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Susan Saint James

From Wikipedia, the free encyclopedia

Susan Saint James
Susan Saint James 1966.jpg
Saint James in 1966
Susan Jane Miller

1946 (age 76–77)
Alma materConnecticut College
Occupation(s)Actress, activist
Years active1966–2011
Known forKate & Allie
Richard Neubert
(m. 1967; div. 1968)
Tom Lucas
(m. 1971; div. 1977)
(m. 1981)
Children5, including Charlie Ebersol

Susan Saint James (born Susan Jane Miller; 1946) is an American actress and activist, most widely known for her work in television during the 1960s, 1970s and 1980s,[1] especially the detective series McMillan & Wife (1971–1976) and the sitcom Kate & Allie (1984–1989).

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  • The Tragic Moment that Inspired Charlie Ebersol to Follow His Dream


Early life

Saint James was born Susan Jane Miller in Los Angeles, California, to a Connecticut family, the daughter of Constance (Geiger) Miller, a teacher, and Charles Daniel Miller, who worked for Mitchell Camera and later became the president of the Testor Corporation.[2] Saint James was raised in Rockford, Illinois, where she began modeling as a teenager.[1] In her younger school years she attended the Woodlands Academy of the Sacred Heart in Lake Forest, Illinois. She later attended Connecticut College.[1]


Saint James's first screen role was in the TV movie Fame Is the Name of the Game (1966) with Tony Franciosa, launching her career when it became a series two years later. Among her other early television appearances were two episodes of the first season of Ironside ("Girl in the Night", December 1967 and two months later, playing a different role in the episode "Something for Nothing"). She also had a supporting role in Where Angels Go, Trouble Follows (1968), the sequel to The Trouble with Angels.[citation needed]

From 1968 to 1971, as a result of her first role in Fame Is the Name of the Game, Saint James had a regular part in the series The Name of the Game, winning an Emmy Award for her role as research assistant Peggy Maxwell in 1969 and establishing her as a popular young actress. The series format, set at a large media company, featured rotating lead characters played by Tony Franciosa, Gene Barry, and Robert Stack – generally only one of their characters seen each week. Saint James provided a measure of series continuity by appearing as a research assistant at various times to all three. She appeared in approximately half the episodes, usually in a supporting role, although her Peggy Maxwell was the primary character in the second-season episode "The King of Denmark," alongside Franciosa's "Jeff Dillon". As well, in the first-season story "Pineapple Rose" (a Gene Barry segment), Saint James was prominently featured when her character was kidnapped in a case of mistaken identity.[citation needed]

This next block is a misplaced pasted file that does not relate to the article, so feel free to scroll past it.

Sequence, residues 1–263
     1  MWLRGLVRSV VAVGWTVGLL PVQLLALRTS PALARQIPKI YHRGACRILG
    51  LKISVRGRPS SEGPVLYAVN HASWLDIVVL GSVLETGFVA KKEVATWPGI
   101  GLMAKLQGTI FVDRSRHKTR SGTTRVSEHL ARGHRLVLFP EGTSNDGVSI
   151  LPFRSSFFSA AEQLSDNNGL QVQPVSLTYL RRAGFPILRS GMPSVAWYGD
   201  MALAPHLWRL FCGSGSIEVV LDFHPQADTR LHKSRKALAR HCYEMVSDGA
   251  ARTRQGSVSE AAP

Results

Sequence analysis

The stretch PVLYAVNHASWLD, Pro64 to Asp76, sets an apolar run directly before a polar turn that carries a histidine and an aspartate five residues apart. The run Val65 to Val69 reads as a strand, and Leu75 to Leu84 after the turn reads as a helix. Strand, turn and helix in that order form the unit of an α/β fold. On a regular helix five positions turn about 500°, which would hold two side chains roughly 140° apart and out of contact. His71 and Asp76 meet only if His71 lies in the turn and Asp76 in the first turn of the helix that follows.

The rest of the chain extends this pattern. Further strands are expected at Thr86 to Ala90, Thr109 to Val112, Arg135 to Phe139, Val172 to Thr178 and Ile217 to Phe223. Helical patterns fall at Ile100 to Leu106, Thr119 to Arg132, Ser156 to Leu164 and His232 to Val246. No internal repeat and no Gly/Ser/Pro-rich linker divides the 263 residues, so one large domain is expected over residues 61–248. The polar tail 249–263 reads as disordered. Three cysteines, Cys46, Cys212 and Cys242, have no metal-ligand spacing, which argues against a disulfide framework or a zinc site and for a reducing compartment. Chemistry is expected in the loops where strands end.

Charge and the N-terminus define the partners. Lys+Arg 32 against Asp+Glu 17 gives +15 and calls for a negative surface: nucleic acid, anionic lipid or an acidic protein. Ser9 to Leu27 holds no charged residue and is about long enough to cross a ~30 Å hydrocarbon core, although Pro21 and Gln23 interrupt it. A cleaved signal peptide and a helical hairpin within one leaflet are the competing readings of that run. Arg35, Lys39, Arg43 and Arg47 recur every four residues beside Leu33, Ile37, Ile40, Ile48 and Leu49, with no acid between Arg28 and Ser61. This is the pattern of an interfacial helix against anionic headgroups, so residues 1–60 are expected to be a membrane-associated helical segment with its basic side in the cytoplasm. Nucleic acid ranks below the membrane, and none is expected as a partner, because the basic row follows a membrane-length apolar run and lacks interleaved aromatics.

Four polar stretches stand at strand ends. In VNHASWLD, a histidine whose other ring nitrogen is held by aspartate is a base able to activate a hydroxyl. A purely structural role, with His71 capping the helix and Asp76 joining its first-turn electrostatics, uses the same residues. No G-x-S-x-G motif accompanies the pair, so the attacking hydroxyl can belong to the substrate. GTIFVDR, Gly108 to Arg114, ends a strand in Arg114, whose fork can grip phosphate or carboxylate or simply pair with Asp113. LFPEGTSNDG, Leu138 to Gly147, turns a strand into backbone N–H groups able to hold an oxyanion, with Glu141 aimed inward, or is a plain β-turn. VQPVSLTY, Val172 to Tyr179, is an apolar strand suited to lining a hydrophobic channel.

Saint James as Peggy Maxwell in the television series The Name of the Game, 1969
Saint James as Peggy Maxwell in the television series The Name of the Game, 1969

In 1967, Saint James had a small part in the pilot episode of the Robert Wagner crime-caper series It Takes a Thief. This led to a recurring role playing a new character, Charlene "Chuck" Brown, Alexander Mundy's fellow thief and "casual" love interest. She was featured in four episodes of the series from 1968 to 1970. She went on to appear in the pilot episode of the western series Alias Smith and Jones (1971).[citation needed]

Then came her first starring role as Rock Hudson's younger supportive wife, Sally McMillan, in the popular, light-hearted crime series, McMillan & Wife (1971–1976), for which she received four Emmy Award nominations.[citation needed]